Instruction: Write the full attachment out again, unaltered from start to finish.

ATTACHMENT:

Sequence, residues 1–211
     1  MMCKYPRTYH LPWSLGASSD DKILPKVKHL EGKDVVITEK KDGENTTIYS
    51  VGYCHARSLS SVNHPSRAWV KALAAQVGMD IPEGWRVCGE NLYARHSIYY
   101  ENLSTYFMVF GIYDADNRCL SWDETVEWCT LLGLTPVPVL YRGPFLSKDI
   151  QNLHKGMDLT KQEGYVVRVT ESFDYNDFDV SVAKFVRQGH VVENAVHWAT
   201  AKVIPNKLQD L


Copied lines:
Sequence, residues 1–211
     1  MMCKYPRTYH LPWSLGASSD DKILPKVKHL EGKDVVITEK KDGENTTIYS
    51  VGYCHARSLS SVNHPSRAWV KALAAQVGMD IPEGWRVCGE NLYARHSIYY
   101  ENLSTYFMVF GIYDADNRCL SWDETVEWCT LLGLTPVPVL YRGPFLSKDI
   151  QNLHKGMDLT KQEGYVVRVT ESFDYNDFDV SVAKFVRQGH VVENAVHWAT
   201  AKVIPNKLQD L